Dirk Nowitzki: SLAM 109 Coverboy

By Jake Appleman

Late last Thursday night (technically Friday morning), the last words I heard before I turned the TV off and smashed my head on the pillow came from Marv Albert: “THE GOL-DEN STATE WAR-RI-ORS have pulled off the biggest upset in NBA Playoff history!” One thought crossed my mind before I conked out: The mag—a gift and a curse—will be there in a few short hours at the newsstand, mocking me. It has to be. That’s the only way fate would have it.

As I hopped off 6 Train on my way to work, a mere six hours after I’d gone to bed, I quickly beelined for the newsstand. Just as I had thought, there fate was, ridiculing us, while looking dope as F—. When I saw the quote that had been pulled for the cover (“We’re not the hunted. We’re still hunting.”) I laughed out loud, and then some of the leftover sleep in one of my eyes became a tear, though I don’t think this happened on purpose. So yes, Ben, technically I laughed and I cried.

Late March: Dirk and I are sitting courtside at the Thriller Dome on the Georgia Tech campus. I had been on the phone earlier that morning with Lang, brainstorming about stuff to ask the guy I’d give my MVP vote to. We talked about how all the Mavs did was win and how nobody nationally seemed to care about them. If you’re talking good vs. evil, they seemed like the unstoppable bad guys that could only be taken down by more popular heroes. We thought the potential for evil would be a good thing to try and get at. (After all, I was told that SLAM’s creative braintrust had decided to run with the Sin City theme, so it’d probably work well with the story if Dirk revealed a darker, badassier side.)

So I asked Dirk if he ever felt like the villain out there on the court. He shot me this incredulous look. “What? Me?!?! I’m not a bad guy!” he exclaimed, sounding surprised and even a little offended that I’d even go there. I was momentarily stunned and a little shaken by how adamant he was that he was a nice guy.

More importantly, his answer revealed something about him that I hadn’t known prior: Dirk Nowitzki is a genuinely gentle-hearted giant. He followed up the confirmation of his nice guy status with this: “If you wanna be successful on the court, you have to be tough minded and sometimes selfish and [use] all the attitudes you don’t really want in life outside of basketball.” That has to resonate with everyone who saw how passive Dirk was against Golden State. It’s also especially interesting when you consider that cold-blooded assassins like MJ and Kobe have trouble separating their uber-competitive on court personas from their off the court lives.

Yet, despite the apparent kindness, I decided to write a story that went against the blossoming national perception at the time that Dirk—and more importantly, the Mavs—were soft. Why?

Two reasons:

1) They had an amazing regular season. It didn’t end up as incredible as it could have, but it was heading that direction when I sent the story in. A 61-7 run. That was and still is utterly mind-boggling. Anyway, as I watched them methodically destroy teams night in night out, I happily glugged the kool-aid. Hell, I was punch-drunk on the stuff; it all seemed ever so clear.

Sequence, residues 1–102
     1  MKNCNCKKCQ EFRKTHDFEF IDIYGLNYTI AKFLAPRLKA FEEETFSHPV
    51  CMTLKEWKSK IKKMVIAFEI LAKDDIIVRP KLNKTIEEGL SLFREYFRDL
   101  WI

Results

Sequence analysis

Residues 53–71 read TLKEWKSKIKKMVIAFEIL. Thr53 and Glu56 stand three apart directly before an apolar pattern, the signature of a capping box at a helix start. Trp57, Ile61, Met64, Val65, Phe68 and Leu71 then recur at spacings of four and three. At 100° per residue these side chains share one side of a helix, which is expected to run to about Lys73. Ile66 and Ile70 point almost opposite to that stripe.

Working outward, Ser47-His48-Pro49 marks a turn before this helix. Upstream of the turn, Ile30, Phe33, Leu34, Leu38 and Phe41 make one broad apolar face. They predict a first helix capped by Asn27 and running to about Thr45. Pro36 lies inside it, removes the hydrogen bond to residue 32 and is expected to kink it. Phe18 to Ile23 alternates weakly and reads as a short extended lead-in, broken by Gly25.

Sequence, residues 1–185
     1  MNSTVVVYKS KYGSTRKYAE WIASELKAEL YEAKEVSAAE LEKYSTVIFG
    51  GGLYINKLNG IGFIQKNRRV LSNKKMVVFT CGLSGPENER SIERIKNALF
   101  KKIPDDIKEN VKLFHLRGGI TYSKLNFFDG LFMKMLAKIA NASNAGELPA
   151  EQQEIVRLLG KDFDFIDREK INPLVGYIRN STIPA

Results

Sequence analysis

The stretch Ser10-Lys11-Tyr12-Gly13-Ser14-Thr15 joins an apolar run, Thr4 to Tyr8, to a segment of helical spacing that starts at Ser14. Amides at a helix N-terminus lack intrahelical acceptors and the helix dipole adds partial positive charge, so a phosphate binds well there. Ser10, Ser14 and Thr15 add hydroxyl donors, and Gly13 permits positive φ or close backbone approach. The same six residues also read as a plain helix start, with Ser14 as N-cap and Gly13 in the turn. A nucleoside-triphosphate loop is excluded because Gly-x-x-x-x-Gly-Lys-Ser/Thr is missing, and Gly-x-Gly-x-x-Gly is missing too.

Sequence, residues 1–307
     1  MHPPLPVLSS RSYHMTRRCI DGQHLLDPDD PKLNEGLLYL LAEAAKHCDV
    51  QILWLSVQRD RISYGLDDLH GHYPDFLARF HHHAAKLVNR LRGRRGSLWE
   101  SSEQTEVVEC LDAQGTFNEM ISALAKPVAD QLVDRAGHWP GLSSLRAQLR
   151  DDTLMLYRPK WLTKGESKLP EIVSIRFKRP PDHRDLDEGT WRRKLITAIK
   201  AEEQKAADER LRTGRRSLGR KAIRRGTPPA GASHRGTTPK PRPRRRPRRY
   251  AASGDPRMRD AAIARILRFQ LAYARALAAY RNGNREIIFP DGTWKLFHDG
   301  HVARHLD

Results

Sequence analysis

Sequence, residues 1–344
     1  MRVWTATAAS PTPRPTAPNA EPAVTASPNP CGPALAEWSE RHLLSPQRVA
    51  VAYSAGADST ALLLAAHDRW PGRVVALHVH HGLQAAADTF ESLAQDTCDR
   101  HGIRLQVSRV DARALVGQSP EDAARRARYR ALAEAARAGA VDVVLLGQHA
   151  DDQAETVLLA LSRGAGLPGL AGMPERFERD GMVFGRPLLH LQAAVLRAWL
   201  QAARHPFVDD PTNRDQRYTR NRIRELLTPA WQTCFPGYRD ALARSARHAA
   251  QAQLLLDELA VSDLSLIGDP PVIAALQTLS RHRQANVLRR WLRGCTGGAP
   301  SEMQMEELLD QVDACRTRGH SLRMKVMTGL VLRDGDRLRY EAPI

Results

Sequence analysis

2) I’m a nice guy. Partly because of this, I don’t ascribe to a “Nice guys always finish last” attitude even if, often, they do. Seeing Dirk as a nice dude with some nice dreams, I only wanted to see the guy succeed. And if he made us look good in the process, cool.

This is the part of my cover story explanation where I talk about Left Field. Left Field, or coming from there, is something that I do with decent frequency. Just know that when you flip to page 110 of the new SLAM, the analogy I used was an organic idea that randomly occurred to me one afternoon at my day job. I didn’t try to stir the pot on purpose. And I promise: I will not come up with ridiculous analogies having to do with bodily functions in every cover I write. I’m not trying to start a new trend, though I’ll admit the weirdness that was originally a concern might actually give a story buried in irony its legs.

While it’s definitely ironic that neither Dirk nor Shaq are still in the playoffs, I think this story takes irony to new levels. When you read it, just pretend that parts of the story are trying to be ironic. It will be much funnier that way. Really, given what transpired in the first round, some of the quotes are downright uncanny.

The most ironic reality about much of the criticism Dirk is currently receiving is that it goes directly against two of the most important things I learned about him by doing this story. 1) He’s a gym rat. More than you’d know or assume. 2) He really does cares about winning. While certain aspects of his performance against Gully State would indicate otherwise, it doesn’t mean he doesn’t work really hard on his game and it doesn’t mean he doesn’t care about winning. There’s an interesting mental piece in there that holds the key as to why Dirk went out so quietly against the Warriors, but I don’t think I understand what happened and why it happened, either. If I could just pan it off as a lack of heart, I’d say so, but it’s much more complicated than that. I do, however, know that the Mavs’ failure this year has nothing to do with Dirk’s lack of interest in winning or a lacking work ethic.